Meditation For Alcohol Addiction Recovery

Meditation For Alcohol Addiction Recovery

Alcohol addiction is a complex condition that affects the mental functions of the dependent individual. In order to fully recover from it, a comprehensive individual-centered treatment plan is required for best results. There are a number of treatment types that are a part of an alcohol addiction treatment plan. These include therapy, support group sessions, and medication where applicable. There are also some treatment options that are considered alternative, of which meditation is part.

What Is Meditation

Meditation can be traced back to pre-Buddhist tradition and the classical tradition of Raja Yoga. It involves continuous conscious awareness in the present, otherwise known as ‘mindfulness,’ and has been adopted as part of Cognitive Behavioural Therapy (CBT). It entails driving out negative thoughts by paying attention, and applying a strategy of purposefully focusing on replacing ‘ants’ or automatic negative thoughts, using the breath. This helps in developing a pattern of reacting realistically and constructively to situations, instead of reacting based on impulses. As impulsive reaction is a common trait of those that are combating alcohol addiction, this process is helpful to them.

Generally, meditation involves an attempt to enhance spiritual connection and enlightenment, by quieting the mind and concentrating on a specific thought or idea. This practice provides very effective additional support for addicts on their recovery journey. Indeed, it has helped people to lower their levels of relapse and eventually recover from alcohol addiction.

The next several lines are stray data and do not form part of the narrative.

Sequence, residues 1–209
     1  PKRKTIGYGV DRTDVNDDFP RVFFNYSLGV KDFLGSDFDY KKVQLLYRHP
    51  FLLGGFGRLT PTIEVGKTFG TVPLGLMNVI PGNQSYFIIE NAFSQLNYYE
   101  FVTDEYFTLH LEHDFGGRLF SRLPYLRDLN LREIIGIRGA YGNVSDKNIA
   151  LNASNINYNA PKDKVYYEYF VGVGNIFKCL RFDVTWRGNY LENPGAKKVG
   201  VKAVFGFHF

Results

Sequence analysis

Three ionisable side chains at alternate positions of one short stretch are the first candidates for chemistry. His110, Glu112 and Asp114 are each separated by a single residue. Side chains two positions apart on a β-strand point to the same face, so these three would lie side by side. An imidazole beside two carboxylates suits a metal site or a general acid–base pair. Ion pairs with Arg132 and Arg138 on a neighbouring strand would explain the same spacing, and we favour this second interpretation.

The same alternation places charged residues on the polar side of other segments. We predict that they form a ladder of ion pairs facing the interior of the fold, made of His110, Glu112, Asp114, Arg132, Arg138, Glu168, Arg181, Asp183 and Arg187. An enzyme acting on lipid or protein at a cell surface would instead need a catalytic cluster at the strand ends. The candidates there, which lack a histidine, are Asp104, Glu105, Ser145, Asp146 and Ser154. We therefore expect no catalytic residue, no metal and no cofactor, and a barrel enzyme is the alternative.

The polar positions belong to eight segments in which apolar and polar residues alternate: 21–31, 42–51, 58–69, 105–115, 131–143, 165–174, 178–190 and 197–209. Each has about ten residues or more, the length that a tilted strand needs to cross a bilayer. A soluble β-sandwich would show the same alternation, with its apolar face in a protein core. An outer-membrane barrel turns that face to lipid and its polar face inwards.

Variations Of Meditation

Meditation can take different forms, two of which are the most frequently used forms for alcohol addiction recovery. These are mindfulness meditation and meditative exercise. Mindfulness meditation involves a thorough non-judgmental examination of feelings and thoughts, in order to consider how to react to them, and mentally prepare to react in a manner that is not based on impulses. Mindfulness is made up of three elements and these are remembering, awareness and attention. Mindfulness has a lot of benefits. Some of them are:

  • It facilitates the process of self-acceptance by the alcohol addict who is recovering
  • Mindfulness leads to increased feelings of calmness and peacefulness
  • It increases self-awareness and aids connection with others.
  • It is a useful treatment for depression and anxiety
  • It also enables addicts to cope with cravings, and overcome them.

On the other hand, meditative exercises combine mediation and physical motion. These exercises combine the calming effect of meditation, with the physical effect of exercising to deliver effective results on alcohol addiction recovery. Meditative exercises include yoga, tai chi and qigong.

How Does Mediation Help Alcohol Addiction Recovery?

Engaging constantly in meditation positively affects a brain whose structure and function has been affected by prolonged alcohol addiction. Meditation rewires the critical pathways of the brain- changing how the brain deals with anxiety and stress, and how it manages functions such as self-awareness and introspection. Because slow breathing is a part of meditation, addicts are better able to control anxiety and stress, and become less likely to have negative thoughts that cause them to indulge in alcohol consumption.

Exploring alternative alcohol addiction treatments that involve meditation will go a long way in aiding recovery. Meditation is easy to learn and can be done anywhere. Considering that recovering addicts battle with impulsive responses, the calming effect of meditation reduces the likelihood of feelings of stress and cravings.

Article Submitted on behalf of drugrehab-wiltshire.uk

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